Police Oversight Boards: A Q1 State of the Union
Civilian oversight of law enforcement continues to be a hotly contested topic around the country. Following last year’s midterm elections, some ballots that had included civilian oversight legislation are now dealing with some of the backlash that can be associated with such boards. As the end of the first quarter of 2020 draws to a close, we see much uncertainty on the political landscape in the midst of the coronavirus pandemic. Nonetheless, it’s important to stay on task, safely, in spreading education regarding our country’s law enforcement and how to best support them.
Unfortunately, much of what civilian oversight boards do can be detrimental to a police force. By allowing civilians — or, realistically, any committee with potential bias — to oversee law enforcement actions, hiring decisions, and disciplinary measures, the situation becomes more volatile and prone to disaster. And so, it’s important that we keep close tabs on happenings surrounding police oversight boards so that we can be better informed on the best way to reduce these committees’ threat level while also protecting our police officers.
In Allegheny County, Pennsylvania this year, the city council is currently in the process of gathering feedback on the concept of police oversight boards. The feedback process consists of soliciting opinions of the public, law enforcement experts, police chiefs, municipal officials, and grassroots organizations. While this variety is useful, it nonetheless runs the risk of being too uneducated about police operations or too biased to provide a logical opinion. In August, Democrat-sponsored legislation to establish a law enforcement review board was voted down in a 9-6 vote. The legislation would have established an unpaid, nine member review board. Now that legislators are back to the drawing board, they’re turning to information gathering as they retool their bill for the next attempt.
Meanwhile, in New York City, where the Civilian Complaint Review Board is already in existence, the largest NYPD union in the state has sued its review board in protest of new measures that were passed in 2018. The legislation gave the CCRB even more control over the police department — a recipe for disaster — by tying the CCRB’s budget to the head count of the NYPD. The legislation also expanded the board from 13 to 15 members and would also compel the police commissioner to write out his reasoning when in disagreement with a disciplinary recommendation. All of this just seems to be a case of “too many cooks in the kitchen”, opening the door for corruption, coercion, and undue influence on the operations of police officers.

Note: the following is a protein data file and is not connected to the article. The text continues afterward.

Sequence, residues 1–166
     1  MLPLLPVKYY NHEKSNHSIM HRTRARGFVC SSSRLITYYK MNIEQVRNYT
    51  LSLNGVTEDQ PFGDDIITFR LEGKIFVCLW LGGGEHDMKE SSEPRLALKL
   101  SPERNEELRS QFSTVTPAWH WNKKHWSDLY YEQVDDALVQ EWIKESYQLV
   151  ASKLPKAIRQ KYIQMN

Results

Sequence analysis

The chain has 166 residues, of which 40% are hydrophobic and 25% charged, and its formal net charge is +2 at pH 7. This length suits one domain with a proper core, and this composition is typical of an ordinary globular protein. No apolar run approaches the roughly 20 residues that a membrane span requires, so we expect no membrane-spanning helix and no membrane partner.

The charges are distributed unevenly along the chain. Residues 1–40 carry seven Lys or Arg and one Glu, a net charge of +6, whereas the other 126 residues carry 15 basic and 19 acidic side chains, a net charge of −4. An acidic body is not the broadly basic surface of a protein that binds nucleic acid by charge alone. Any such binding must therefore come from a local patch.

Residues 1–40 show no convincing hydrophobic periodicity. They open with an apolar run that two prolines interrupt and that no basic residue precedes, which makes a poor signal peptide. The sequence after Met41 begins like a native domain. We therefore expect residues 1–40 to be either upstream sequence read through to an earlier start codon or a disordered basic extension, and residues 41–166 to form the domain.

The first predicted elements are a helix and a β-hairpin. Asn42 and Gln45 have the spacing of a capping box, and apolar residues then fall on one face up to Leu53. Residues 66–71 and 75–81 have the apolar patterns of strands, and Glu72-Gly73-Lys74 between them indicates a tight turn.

In Chicago, one of the hotbeds for civilian oversight board debate, committee meetings have seemed to come to a general consensus of support for the concept of police oversight boards. This consensus consists of ideas that civilians should have oversight and input over law enforcement and that their input should have a meaningful impact. Furthermore, the desire has been shown to enact as many as three member elected councils in each police district. This is an alarmingly extreme amount of oversight and civilian involvement in most, if not all, aspects of police operations and should be viewed with the utmost caution. Attending open meetings on the topic of public safety can help show support for police officers by educating others on the drawbacks of these oversight boards and councils.
Meanwhile on the West coast in Oakland, California, it’s become apparent that oversight boards that have been put in place show strong bias and propensity for corruption. In several instances outlined in this article, the Oakland Police Commission showed bias against the police it was purported to support. In addition to questionable outcomes of investigations, matters such as petty corruption for towing fees have also surfaced, adding to the murky waters.
Finally in our quarter one news roundup, the Police Commission in Portsmouth, New Hampshire is seeking to fill a vacancy left by newly-elected assistant mayor Jim Splaine. The Police Commission is unable to meet and perform its functions without all three member spots being in attendance, and two candidates have since stepped forward as the finalists for the position. The finalists, one a former police officer and one a former police commission member and current attorney, will be in line to fill this vacancy upon the Commission’s final decision.
As the conversations around oversight boards continue to swirl, we must stay abreast of news such as this. Analyzing these headlines and stories gives us insight into how the country is feeling about oversight boards and where attention must be directed to support law enforcement.